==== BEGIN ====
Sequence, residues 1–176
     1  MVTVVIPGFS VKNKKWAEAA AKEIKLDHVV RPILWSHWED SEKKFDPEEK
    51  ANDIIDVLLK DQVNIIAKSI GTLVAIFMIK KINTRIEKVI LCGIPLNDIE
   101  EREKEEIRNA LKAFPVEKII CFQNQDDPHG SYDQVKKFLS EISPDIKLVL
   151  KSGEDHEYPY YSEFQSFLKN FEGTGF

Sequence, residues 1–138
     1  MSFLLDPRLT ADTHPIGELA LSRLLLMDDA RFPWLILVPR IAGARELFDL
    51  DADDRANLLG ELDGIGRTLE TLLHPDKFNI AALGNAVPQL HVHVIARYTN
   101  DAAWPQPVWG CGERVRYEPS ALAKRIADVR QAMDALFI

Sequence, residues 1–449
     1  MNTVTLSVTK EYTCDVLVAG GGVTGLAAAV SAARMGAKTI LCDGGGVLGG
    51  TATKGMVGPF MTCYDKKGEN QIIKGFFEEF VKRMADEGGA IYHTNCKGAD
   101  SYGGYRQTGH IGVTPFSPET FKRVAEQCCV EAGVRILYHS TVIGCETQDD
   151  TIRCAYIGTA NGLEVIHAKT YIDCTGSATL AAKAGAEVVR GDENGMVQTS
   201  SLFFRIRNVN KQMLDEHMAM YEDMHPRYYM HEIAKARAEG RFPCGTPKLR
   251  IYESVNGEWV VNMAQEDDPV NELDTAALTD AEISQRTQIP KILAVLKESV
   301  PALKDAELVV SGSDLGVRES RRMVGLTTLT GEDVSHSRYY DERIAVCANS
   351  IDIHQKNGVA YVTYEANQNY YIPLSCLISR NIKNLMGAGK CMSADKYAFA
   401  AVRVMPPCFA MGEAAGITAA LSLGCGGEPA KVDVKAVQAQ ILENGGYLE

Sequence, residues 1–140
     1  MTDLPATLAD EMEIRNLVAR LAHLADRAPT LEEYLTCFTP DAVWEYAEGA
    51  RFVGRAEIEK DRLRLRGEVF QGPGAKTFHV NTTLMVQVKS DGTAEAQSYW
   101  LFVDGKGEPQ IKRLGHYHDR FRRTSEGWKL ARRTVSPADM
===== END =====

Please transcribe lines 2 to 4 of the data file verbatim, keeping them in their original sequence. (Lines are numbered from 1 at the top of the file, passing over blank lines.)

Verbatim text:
     1  MVTVVIPGFS VKNKKWAEAA AKEIKLDHVV RPILWSHWED SEKKFDPEEK
    51  ANDIIDVLLK DQVNIIAKSI GTLVAIFMIK KINTRIEKVI LCGIPLNDIE
   101  EREKEEIRNA LKAFPVEKII CFQNQDDPHG SYDQVKKFLS EISPDIKLVL